There were plenty of jobs available, largely in the big cities, as porters, street cleaners, factory and building site labourers. Caribbeans were generally excluded from higher-paid and skilled jobs, especially those that were heavily unionised, for instance, the textile and mining industries in Yorkshire. On the other hand, the public sector industries, hospitals, transport, for example, London Transport and the railways, along with the General Post Office(GPO), offered Black Caribbeans semi-skilled and reasonably paid work. Nursing and hairdressing, for instance, offered Black women secure employment and a pathway to professional status.
Outside of these areas, Caribbean workers faced a general and widespread pattern of discrimination throughout the 1950s, not least from the trade unionists among their colleagues.
In Bristol, for instance, the Transport and General Workers' union faced an uphill task persuading its members to accept Black workers on the buses, in spite of their success in London.
In the GPO, where a substantial proportion of Caribbeans worked, the union was dominated, until the end of the 1960s, by rightwing nationalist politics; year after year branch officials were elected who openly advocated the racist policies of Mosley and Powell. Also during the 1960s, it was the dock workers' march on Parliament in support of Enoch Powell's speeches against anti-racist legislation that gave him the credibility he enjoyed.
The anti-discrimination legislation which accompanied the laws limiting immigration throughout the decade of the 1960s altered the general picture. Black Caribbean workers began moving into the trade unions and finding work in previously restricted areas, such as motor car manufacturing.
Fords in Dagenham and the car building complex in the Midlands became major employers of Caribbean labour. At the other end of the scale, local authorities and services began employing Black people in white collar occupations, as social workers and council officials, for example. At the same time, however, unemployment among young Black people remained at a higher level than their white counterparts, and in the private sector, another struggle over pay and conditions began.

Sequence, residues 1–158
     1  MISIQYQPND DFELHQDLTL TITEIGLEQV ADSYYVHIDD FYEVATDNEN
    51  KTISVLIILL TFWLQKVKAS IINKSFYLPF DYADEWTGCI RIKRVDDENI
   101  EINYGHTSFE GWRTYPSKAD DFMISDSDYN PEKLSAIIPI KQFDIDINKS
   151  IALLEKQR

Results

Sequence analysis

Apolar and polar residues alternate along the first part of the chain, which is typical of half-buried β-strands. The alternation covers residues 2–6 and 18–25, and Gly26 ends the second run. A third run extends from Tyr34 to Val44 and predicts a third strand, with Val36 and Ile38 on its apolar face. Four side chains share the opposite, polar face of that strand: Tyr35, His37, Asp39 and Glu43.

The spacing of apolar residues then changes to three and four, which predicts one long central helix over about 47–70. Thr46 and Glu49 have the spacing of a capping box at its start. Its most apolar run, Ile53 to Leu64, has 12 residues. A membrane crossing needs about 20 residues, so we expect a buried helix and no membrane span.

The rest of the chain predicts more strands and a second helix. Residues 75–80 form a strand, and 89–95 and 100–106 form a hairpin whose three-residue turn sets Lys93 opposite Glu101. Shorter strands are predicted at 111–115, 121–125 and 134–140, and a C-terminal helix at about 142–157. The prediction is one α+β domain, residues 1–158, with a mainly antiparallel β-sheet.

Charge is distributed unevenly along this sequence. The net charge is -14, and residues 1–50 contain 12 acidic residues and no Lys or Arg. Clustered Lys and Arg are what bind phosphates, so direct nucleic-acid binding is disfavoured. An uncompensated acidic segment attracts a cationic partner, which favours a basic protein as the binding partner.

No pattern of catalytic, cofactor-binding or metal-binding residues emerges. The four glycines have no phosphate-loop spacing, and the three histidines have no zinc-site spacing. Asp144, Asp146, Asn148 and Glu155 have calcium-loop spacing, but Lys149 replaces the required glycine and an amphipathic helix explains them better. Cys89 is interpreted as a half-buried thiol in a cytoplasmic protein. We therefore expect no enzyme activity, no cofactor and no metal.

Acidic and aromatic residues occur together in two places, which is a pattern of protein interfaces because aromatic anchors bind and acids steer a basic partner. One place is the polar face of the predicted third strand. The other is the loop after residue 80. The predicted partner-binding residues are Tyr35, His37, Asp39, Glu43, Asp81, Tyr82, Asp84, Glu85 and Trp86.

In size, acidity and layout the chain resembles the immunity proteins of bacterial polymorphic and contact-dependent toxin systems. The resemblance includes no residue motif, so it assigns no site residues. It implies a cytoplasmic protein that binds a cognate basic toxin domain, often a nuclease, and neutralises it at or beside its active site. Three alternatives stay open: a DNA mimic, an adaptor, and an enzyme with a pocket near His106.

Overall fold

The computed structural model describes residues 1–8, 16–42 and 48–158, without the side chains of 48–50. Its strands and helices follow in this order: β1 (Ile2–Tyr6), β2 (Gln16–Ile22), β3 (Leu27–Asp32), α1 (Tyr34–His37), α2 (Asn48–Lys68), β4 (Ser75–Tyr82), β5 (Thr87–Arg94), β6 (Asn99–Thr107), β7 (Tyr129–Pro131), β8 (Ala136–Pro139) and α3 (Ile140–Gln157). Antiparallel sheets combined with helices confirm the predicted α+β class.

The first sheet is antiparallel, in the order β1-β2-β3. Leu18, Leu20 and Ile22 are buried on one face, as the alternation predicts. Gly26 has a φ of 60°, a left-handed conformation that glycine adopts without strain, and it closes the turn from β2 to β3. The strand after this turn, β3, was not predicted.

Watch this video interview with Sharon Platt Macdonald of the Kings Fund Black and Ethnic Leadership Programme.
Early in the 1970s, it became apparent that the atmosphere and relationship of the Caribbeans and the workplace had changed radically. The legislation against discrimination and overt expressions of racial hatred in the previous decade had forced a wider recruitment of migrants, and suppressed the more extreme forms of racial harassment at work. Job opportunities for Caribbeans continued to be dominated by transport, communications, health and other public services. During the 1980s, more than 60% of Caribbeans worked in these areas, and this was reflected in the rise of trade union membership among them, but they continued to be largely excluded from professional and managerial roles. Less than half as many Caribbeans achieved the job levels held by similarly qualified whites.
The first migrants from the Caribbean, coming from a region of low employment had been eager to engage in any work available. Their children, on the other hand, tended to compare their prospects with those of their white counterparts. During the decades of the 1970s and 1980s, unemployment among the children of Caribbean migrants ran at three to four times that of white school leavers.
"I bent over backward to get some of the youngsters on courses because I used to know a lot of people at Paddington college, but they not interested. They say 'What's the use going on these courses and when you finished you can't get a job?'."
Cecil Holness worked as a youth worker in Brixton, London from 1970 till 1974. Listen to his memories of working with young people.
Creators: Mike Phillips